The reason I bring them up is to recommend Relic to those who haven’t read it. Please don’t judge it by the movie adaptation. The novel itself is a science fiction/horror detective story, while the movie gives away the mystery and the twist ending before the credits roll, turning the story into a formulaic B-grade monster flick. It also collapsed two interesting and distinctive characters (Pendergast and D’Agosta) into a single cheesy stereotype who doesn’t much resemble either of them.

    The sequel, Reliquary, isn’t bad, but it’s a little more over-the-top than the first book. I’m interested in seeing how Cabinet and Crows hold up.

    The new book, Brimstone, reuinites all three protagonists of the first two books. If I like these two, I’ll pick it up.

    As for DaVinci Code… as scifantasy says above, I read it back in the ’80s when it was Holy Blood, Holy Grail.

    1. Re: Cabinet of Curiousities

      The female lead character in Cabinet first puts in an appearance in another Preston/Childs offering, Thunderhead. There are, actually, a lot of self-referential offerings in Cabinet. And the reporter from Relic shows up in Thunderhead.

      There is a chart on the Preston/Childs website that shows all the cross-pollination.

      Personally, I love these books; if you like Pendergast, there is a twist at the end of Brimstone that will have you panting for the next one . . .

  3. From what I recall, the early proto-Christianity of the type practiced before it was formally adopted by the Roman Empire was a culture of equality as far as gender went, with a more personal relationship with God, and little structure. When Paul and his successors helped codify it, following its adoption by the Romans, they changed it to be more socially acceptable to Roman mores and beliefs – the idea of paterfamilias was instituted, and I suspect some of Paul’s misogyny became embedded in the religion to judge by its restrictions on women’s roles in the faith. Being honest, early Christianity reminds me more of the Mormon culture in Utah as under Young and Smith more than any other currently extant sect, branch, or creed of Christianity currently in existence.

    The current version of it, including Catholicism, tends to embody many of the Roman attitudes and beliefs which existed before Christianity itself did. It’s become somewhat ossified, depending on which branch you’re looking at, because it’s effectively a ‘dead faith’ – it believes that all there is to know is already written, and new revelations will not come about, nor do understandings change. This attitude began during the late Dark Ages, IIRC, when the Catholic Church began to draw more temporal power to itself after establishing itself among the landowners and nobility in order to preserve itself from the ravages and persecutions which characterized the early and middle Dark Ages. What began as a survival measure (preservation of learning and of the Church against outsiders) became law within several generations. Hence, splinters from the Church have been persecuted heavily, at least historically, because of both the idea that everything is written and because it was required to preserve the Church’s temporal power – see what happened to the Cathars, amongst others.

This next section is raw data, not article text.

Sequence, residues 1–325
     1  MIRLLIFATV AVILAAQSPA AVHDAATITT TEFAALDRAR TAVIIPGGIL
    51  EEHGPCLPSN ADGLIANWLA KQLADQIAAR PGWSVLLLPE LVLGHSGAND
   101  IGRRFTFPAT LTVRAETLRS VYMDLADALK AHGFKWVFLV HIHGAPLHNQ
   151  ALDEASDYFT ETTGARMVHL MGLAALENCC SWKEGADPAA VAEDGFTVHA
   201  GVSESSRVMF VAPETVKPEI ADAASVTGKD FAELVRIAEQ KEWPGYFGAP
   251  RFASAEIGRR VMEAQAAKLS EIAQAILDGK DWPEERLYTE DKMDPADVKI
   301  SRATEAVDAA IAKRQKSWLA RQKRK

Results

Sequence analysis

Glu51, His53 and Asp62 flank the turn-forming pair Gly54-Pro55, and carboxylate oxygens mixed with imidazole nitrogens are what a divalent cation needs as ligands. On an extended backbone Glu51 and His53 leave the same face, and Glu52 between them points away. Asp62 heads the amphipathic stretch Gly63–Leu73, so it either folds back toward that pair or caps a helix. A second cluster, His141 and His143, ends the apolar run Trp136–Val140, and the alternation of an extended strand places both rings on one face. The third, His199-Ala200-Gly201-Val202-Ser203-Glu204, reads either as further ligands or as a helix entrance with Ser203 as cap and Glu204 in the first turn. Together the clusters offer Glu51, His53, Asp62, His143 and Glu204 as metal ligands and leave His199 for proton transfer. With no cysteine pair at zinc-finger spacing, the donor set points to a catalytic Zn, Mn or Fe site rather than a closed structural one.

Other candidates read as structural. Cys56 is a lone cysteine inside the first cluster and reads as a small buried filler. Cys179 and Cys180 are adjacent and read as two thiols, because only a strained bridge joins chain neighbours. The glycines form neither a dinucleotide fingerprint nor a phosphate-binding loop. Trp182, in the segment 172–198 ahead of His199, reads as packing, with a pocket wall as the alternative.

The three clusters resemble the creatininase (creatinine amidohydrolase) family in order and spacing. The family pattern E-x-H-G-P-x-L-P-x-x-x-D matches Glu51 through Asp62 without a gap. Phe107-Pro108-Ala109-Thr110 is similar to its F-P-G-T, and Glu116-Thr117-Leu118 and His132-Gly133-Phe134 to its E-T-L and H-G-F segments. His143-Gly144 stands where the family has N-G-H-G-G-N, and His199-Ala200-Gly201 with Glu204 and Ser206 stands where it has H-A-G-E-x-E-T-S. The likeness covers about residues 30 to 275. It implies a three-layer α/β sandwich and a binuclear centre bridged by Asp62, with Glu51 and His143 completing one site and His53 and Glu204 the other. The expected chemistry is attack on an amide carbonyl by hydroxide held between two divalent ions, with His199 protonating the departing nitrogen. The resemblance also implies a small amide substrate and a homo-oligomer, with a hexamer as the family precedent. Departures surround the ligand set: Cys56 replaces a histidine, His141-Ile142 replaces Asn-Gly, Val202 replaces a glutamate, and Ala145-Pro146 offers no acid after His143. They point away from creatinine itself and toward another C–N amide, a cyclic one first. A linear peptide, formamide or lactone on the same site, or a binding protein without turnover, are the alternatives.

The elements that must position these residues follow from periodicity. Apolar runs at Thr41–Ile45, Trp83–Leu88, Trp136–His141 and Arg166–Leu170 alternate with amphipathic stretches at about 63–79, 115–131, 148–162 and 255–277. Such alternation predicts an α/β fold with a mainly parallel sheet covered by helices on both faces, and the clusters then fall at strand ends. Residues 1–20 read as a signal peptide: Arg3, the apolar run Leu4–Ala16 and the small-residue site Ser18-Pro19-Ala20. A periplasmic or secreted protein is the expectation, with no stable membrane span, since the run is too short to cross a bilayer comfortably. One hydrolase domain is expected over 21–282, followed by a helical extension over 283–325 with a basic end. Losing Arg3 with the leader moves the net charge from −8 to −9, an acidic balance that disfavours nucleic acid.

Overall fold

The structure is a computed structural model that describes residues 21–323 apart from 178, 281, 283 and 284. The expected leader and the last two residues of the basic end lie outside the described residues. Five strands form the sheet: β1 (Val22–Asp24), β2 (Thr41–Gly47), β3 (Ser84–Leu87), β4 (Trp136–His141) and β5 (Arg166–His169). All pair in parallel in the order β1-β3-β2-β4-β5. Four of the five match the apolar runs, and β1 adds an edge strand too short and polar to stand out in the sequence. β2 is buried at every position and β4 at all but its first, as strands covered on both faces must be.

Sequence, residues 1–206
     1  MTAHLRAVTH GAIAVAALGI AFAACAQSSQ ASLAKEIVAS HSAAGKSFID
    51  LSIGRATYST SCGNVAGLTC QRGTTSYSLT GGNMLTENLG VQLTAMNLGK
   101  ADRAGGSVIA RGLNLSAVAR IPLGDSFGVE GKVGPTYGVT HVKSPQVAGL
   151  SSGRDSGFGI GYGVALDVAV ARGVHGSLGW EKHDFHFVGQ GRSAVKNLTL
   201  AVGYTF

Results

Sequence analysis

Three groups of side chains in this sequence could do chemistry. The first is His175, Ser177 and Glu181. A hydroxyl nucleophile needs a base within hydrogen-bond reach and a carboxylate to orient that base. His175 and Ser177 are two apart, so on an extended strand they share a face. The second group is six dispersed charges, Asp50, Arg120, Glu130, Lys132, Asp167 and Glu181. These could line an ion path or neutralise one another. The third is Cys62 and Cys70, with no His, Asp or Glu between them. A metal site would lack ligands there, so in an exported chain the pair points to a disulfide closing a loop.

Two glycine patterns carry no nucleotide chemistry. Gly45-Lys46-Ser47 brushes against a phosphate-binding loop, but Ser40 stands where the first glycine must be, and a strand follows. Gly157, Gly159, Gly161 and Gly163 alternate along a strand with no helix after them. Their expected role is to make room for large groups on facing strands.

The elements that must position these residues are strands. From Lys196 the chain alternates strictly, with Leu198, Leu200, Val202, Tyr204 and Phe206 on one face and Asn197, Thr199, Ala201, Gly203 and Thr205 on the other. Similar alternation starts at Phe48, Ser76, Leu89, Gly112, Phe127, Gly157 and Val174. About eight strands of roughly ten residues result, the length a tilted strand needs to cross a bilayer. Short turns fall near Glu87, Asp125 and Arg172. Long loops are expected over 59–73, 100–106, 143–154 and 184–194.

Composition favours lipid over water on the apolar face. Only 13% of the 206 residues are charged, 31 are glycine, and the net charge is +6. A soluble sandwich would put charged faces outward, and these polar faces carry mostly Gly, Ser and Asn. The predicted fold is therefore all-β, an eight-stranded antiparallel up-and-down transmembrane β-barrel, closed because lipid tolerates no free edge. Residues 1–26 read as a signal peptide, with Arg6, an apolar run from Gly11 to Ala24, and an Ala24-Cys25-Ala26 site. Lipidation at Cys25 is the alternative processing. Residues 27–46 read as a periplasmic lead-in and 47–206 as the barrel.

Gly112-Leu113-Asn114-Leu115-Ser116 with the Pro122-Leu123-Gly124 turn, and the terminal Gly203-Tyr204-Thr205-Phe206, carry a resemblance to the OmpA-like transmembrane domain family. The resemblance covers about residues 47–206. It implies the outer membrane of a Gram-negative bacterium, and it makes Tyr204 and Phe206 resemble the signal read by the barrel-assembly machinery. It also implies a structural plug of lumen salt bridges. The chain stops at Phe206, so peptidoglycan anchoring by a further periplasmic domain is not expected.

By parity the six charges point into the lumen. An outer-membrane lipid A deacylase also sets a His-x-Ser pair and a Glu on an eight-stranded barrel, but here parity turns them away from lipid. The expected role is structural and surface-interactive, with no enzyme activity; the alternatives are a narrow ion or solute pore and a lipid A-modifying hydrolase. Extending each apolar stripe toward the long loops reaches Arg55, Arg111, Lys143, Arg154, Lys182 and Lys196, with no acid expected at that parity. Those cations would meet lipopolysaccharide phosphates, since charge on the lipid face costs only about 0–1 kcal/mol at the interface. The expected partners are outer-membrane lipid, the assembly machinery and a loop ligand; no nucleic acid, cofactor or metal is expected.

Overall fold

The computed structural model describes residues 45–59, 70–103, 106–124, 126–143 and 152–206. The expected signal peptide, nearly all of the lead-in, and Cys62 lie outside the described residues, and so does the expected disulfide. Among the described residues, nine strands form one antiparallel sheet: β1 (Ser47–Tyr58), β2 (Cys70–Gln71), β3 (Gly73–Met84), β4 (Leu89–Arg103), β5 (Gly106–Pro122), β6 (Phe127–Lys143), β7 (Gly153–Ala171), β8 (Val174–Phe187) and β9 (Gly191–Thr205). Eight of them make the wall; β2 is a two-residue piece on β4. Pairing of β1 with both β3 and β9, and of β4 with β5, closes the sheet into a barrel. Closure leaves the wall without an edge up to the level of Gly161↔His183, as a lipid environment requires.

I recall the Mormons had similar problems later on, though the Catholic Church was more discreet in how it moved – attacks on practice to incite outrage, rather than openly agitating for troops.

    It’s amazing how little modern Catholicism has to do with the original Christianity, though – it’s honestly closer to Islam or Judaism than it is to the original ideas of the first Catholics… though with Islam, that’s not exactly a coincidence.

  4. In an earlier book (Deception Point), Dan Brown decided that a little club I belong to, with only a few dozen members, is an evil organization of billionaires manipulating Presidential elections and threatening the country.

    He takes pains in his inside cover to explain that it is a real organization. Yes, it’s “real” — it’s “real” different from what he portrays. ]:-/

    ===|==============/ Level Head

  5. I loved Da Vinci Code. It only took me 38 days to read it.

    Actually, I read slow, but I finished it in a week. My friend who recommended it to me claimed that you can’t catch everything on the first read. I can see why. He takes the time to build layers and layers and layers-that-aren’t-layers-but-deceptions. It takes a lot to get me twisted around, but he managed.

    Though I have to admit, I’m a dead sucker for “detective” style novels, and this had a strong noir feel to it.

  6. From Jesus to Christ

    I hate to even stick my toe into this kind of subject, but…

    A while back, Frontline had a miniseries titled From Jesus to Christ: The First Christians that discusses this very issue. They put the times that he Gospels were written into historical context.

  7. Fadupinator

    I guess I hate puppies and kittens, too, but I just can’t stand Dan Brown.